For years now there has been serious discontent about
the progressing decline in the governance of the country,
and about the widespread corruption that permeates the
functioning of the elected representatives and the bureaucracy.
Today, the public believes that political influence and
bribes can get virtually anything done, notwithstanding
the law or the laid-down policies.
responsibility for delivering good governance rests on
the performance of the executive. The bureaucracy is required
to function under political direction. However, whenever
failures take place politicians tend to attribute them
only to the lapses of the bureaucracy.
we look back at the course of the outgoing century, it
would be of interest to reflect upon the approaches of
two distinguished civil servants: the late P.N. Haksar
-- he passed away in 1998 -- and B.K. Nehru (both Kashmiris;
both born on September 4, in 1913 and 1909, respectively).
Both attended Allahabad University, London School of Economics
and the Inns of Law and were influenced by Harold Laski's
who had already made his mark as a brilliant lawyer, was
inducted into the ifs in 1947. After two decades of outstanding
diplomatic service he was recalled to serve as secretary,
and later as principal secretary, to the prime minister.
Till he fell out with Indira Gandhi's approaches and left
her (1973) he exercised potent influence on the shaping
of domestic and foreign policies.
issues of maladministration, Haksar refused to consider
piecemeal approaches. A political thinker and social scientist,
he was more concerned with systemic changes. Convinced
that "old thought structures will not do" he sought to
delineate how India could become "cohesive and coherent"
and be able to carry out the "historic task of our country's
political, economic, social and cultural transformation".
On the minister-civil service relationship Haksar held
the view that "ministers must have the skill, the will
and sense of direction for riding the bureaucratic horse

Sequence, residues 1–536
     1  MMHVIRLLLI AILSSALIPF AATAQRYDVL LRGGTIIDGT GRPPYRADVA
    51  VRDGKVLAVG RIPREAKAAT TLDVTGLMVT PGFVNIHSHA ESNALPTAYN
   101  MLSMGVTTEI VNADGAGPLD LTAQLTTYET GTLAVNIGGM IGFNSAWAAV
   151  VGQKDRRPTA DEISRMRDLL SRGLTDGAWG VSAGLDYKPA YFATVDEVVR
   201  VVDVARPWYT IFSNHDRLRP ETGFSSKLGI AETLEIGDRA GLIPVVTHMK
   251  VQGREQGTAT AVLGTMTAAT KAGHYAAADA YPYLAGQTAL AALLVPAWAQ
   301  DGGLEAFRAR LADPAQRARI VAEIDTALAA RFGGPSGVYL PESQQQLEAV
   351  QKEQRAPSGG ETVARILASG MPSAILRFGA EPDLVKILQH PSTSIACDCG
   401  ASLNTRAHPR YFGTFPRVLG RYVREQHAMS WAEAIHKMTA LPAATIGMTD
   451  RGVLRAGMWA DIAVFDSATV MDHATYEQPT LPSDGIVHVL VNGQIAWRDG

... this will require not merely ability but character
a Punjab civilian, joined the ICS in 1934 and enjoyed
a distinguished career: as an expert in financial and
economic affairs, a successful diplomat and an outstanding
governor of the north-eastern states, Jammu and Kashmir
about the vital role of the bureaucracy, Nehru holds that
a modern civil service is linked with democracy and the
rule of law which is one of its prime functional features.
He concedes that over the years the position of the all-India
services has changed significantly. Today, the politicians
value only those functionaries who unquestioningly carry
out their orders and marginalise those who work according
to the law and rules. The ministers have limited experience
of administration and fail to realise that good governance
can be delivered only by a competent and honest civil
service; and good laws passed by the legislatures cannot
automatically enforce themselves.
Constitution is based on ideas of western origin whereas
for thousands of years the Indian tradition of governance
has been that of "raja and praja". The powers of the ruler
are absolute. In this ethos the civil servant's duty to
enforce the law is viewed by the politician as an unacceptable
check on his power. Hence, Nehru explains, the continuous
strife between ministers and civil servants, resulting
in repeated transfers and harassments. He laments that
while there is no shortage of good laws the means of implementing
them stand destroyed; there is no political will to reform
the governmental machine; valuable recommendations of
earlier reform commissions have remained unimplemented
onset of coalition governments at the Centre has seen
the enhanced role of regional and sub-regional political
parties and, consequently, increasing importance attaching
to their demands. Many states have often complained that
they need to provide larger opportunities for the sons
of the soil who man the state civil services and, therefore,
do not require any more IAS and IPS officers. Vallabhbhai
Patel's vision of the key positions in the states and
the Centre being manned by competent officers of apolitical
all-India services, selected from among the best talent
available in the country, seems to have become defunct.
the Centre proceeds with its intention to establish a
Constitutional Reforms Commission, it would be important
that this body redefines the future role, if any, of all-India
services in the administrative apparatus.
home secretary N.N. Vohra
is director, India International Centre, Delhi.